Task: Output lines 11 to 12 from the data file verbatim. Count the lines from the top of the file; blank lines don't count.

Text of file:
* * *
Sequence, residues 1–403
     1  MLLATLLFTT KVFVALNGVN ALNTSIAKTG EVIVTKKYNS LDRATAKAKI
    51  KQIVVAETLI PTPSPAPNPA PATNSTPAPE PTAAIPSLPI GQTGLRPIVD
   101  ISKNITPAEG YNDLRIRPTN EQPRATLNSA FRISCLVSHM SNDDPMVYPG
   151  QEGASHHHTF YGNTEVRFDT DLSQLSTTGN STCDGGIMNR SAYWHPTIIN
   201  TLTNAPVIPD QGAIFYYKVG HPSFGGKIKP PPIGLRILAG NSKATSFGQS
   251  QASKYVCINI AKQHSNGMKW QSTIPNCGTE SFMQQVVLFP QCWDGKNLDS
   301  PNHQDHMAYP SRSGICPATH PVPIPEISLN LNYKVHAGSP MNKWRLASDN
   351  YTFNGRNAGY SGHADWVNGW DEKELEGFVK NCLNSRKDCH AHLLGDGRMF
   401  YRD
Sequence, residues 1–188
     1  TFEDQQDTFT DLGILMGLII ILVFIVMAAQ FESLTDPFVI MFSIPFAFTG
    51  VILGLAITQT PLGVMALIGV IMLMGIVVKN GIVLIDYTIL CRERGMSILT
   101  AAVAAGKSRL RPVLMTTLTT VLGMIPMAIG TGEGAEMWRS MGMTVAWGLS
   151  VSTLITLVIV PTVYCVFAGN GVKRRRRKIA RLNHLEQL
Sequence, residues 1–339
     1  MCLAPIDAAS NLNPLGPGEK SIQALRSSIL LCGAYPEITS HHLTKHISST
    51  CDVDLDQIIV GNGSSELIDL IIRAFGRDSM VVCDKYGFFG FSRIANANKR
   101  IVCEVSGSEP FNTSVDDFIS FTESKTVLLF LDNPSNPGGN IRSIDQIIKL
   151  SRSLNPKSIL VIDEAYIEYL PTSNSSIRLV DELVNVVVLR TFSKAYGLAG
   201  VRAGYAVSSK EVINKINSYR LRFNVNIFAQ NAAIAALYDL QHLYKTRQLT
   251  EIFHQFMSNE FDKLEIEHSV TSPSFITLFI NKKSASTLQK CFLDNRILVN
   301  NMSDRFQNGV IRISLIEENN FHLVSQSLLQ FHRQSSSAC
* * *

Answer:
Sequence, residues 1–188
     1  TFEDQQDTFT DLGILMGLII ILVFIVMAAQ FESLTDPFVI MFSIPFAFTG